Let’s say you work for XYZ Public Company and the following happens:

  • You have been awarded $100,000 in RSUs
  • The average price of XYZ stock at the time of grant was $25
  • You’ve got 4,000 RSUs ($100,000/$25)

However, you will not have ownership rights or the ability to decide what to do with those RSUs until they vest.

Due schedule

You’ve just been awarded RSUs and of course you’re excited! But, you just read the fine print in your stock award about the vesting schedule. Now, what is this?

Your vesting schedule determines when you can access and actually own your RSUs.

There are two common vesting schedules:

  • Entitlement to the abyss: RSUs are fully allocated after a specified period of time, which can vary, or once a specific goal or milestone is achieved
    • Example: You have been awarded 1000 RSUs. 25% is due after one year and the rest is monthly (1/48 of the original grant). This would be considered a 4-year vesting schedule with a 1-year cliff.
  • Eligibility is graded: A specific percentage of your RSUs will vest each year for a specific period of time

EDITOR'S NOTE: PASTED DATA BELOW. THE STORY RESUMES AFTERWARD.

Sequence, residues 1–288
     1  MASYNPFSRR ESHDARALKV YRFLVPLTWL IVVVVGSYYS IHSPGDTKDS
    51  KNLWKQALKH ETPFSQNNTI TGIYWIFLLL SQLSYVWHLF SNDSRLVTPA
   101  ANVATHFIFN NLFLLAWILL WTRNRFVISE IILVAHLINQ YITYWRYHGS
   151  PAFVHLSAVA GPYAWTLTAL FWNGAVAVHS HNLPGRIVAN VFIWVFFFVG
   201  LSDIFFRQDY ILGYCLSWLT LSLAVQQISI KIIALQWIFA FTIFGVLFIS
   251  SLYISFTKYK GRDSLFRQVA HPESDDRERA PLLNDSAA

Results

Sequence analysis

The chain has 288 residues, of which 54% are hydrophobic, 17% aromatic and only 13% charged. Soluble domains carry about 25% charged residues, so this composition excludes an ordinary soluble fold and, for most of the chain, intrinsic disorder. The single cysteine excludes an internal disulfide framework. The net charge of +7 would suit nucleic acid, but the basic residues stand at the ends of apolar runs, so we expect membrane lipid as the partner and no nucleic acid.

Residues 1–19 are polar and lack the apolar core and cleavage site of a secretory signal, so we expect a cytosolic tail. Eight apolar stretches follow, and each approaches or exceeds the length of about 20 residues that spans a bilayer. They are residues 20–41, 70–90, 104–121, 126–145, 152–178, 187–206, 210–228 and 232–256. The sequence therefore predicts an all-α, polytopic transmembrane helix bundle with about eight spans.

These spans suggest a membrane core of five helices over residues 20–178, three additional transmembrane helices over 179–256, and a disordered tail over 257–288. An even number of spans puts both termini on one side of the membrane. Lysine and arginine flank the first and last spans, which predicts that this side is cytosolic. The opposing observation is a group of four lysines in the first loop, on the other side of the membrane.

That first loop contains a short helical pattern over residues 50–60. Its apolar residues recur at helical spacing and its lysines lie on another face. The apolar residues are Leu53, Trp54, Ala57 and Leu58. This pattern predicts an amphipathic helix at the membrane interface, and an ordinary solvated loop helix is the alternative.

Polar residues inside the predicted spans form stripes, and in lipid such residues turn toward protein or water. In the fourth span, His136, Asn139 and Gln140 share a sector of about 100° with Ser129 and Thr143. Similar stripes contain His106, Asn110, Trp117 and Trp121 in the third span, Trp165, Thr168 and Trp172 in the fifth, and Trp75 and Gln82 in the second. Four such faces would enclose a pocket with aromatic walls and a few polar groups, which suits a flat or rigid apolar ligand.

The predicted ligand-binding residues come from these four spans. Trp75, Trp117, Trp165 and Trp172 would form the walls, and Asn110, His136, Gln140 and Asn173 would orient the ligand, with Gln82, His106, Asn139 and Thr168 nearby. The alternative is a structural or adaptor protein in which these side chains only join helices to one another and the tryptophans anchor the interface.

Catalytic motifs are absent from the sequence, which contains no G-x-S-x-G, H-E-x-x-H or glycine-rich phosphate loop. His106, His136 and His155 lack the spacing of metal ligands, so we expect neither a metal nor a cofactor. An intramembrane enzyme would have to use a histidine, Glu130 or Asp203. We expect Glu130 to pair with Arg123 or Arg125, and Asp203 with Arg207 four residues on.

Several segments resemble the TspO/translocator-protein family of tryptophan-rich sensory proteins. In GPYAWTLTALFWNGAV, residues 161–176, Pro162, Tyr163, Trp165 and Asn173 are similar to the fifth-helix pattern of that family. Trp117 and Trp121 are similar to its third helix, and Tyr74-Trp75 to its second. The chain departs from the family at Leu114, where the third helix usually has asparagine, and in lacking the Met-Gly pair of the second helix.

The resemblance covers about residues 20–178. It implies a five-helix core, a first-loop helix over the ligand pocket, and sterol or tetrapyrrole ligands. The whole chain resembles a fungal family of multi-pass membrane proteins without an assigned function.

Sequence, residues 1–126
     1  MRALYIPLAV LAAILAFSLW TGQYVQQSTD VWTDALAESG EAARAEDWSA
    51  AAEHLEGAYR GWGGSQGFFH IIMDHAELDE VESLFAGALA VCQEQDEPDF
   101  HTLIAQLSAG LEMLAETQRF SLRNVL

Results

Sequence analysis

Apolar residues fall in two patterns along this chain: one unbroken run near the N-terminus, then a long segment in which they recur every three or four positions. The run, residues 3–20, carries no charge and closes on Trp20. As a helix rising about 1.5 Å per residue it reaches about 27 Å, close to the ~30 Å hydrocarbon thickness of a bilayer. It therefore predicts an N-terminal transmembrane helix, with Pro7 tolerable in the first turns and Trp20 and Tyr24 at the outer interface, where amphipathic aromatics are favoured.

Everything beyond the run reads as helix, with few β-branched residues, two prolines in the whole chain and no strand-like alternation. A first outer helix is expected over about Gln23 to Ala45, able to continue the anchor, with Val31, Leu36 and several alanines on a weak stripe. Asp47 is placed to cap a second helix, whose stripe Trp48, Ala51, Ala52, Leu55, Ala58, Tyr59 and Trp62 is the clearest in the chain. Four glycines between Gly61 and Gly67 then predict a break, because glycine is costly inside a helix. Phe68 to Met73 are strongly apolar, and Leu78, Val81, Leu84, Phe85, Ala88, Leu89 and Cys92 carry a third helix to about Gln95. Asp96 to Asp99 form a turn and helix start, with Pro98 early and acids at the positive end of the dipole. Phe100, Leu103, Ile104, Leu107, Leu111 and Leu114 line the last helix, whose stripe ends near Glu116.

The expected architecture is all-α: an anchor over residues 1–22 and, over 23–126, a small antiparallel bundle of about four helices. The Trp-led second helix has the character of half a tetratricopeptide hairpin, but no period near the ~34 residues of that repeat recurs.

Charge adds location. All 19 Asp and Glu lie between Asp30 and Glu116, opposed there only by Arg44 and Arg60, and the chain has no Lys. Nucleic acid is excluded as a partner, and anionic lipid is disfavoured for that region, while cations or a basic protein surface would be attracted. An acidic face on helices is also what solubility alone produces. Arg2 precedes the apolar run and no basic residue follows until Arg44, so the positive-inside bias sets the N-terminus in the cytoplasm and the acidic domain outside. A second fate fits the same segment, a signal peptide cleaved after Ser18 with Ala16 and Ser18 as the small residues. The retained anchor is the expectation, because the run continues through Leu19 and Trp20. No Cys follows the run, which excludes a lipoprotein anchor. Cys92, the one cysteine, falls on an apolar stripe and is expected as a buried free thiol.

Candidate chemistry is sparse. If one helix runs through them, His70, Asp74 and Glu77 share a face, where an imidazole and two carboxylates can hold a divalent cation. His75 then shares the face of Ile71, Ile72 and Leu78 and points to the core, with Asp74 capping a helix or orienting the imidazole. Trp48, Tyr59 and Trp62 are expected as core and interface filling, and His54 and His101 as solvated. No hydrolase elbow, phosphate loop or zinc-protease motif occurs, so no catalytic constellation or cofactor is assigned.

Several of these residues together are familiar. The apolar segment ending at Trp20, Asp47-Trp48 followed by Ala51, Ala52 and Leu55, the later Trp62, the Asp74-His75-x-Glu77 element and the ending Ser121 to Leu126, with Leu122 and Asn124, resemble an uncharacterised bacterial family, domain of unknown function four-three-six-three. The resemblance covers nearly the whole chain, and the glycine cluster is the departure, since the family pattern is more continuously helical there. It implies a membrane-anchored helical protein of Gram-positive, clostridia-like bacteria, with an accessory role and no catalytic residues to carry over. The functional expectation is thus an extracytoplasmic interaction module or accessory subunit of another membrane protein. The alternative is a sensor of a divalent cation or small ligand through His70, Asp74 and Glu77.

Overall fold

• Example: You have been awarded 2000 RSUs. Under a 4-year graduated vesting schedule, 500 shares, or 25%, may vest each year.

Once your RSUs vest, their dollar value depends on the market price of the stock on that day. This means that the value of your shares can be uncertain until they actually vest, as share prices constantly fluctuate.

Understand the tax implications of RSUs

In an ideal scenario, you can simply sell your RSUs as soon as they vest, pocket the money, and move on without tax concerns. Well, you know that’s not the case! In order to clearly understand your RSUs, you need to be aware of the tax implications.

Tax considerations when an RSU is due

Once your RSUs vest and become yours at the current market price, you automatically owe taxes at your ordinary income, or ordinary income, tax rates.

The good news is that in most cases, your company will immediately sell some of your shares to cover a portion of the taxes due at vesting. Since RSUs are considered supplemental income by the IRS (just like a cash bonus), withholding is usually at the supplemental withholding rate. This generally looks like this: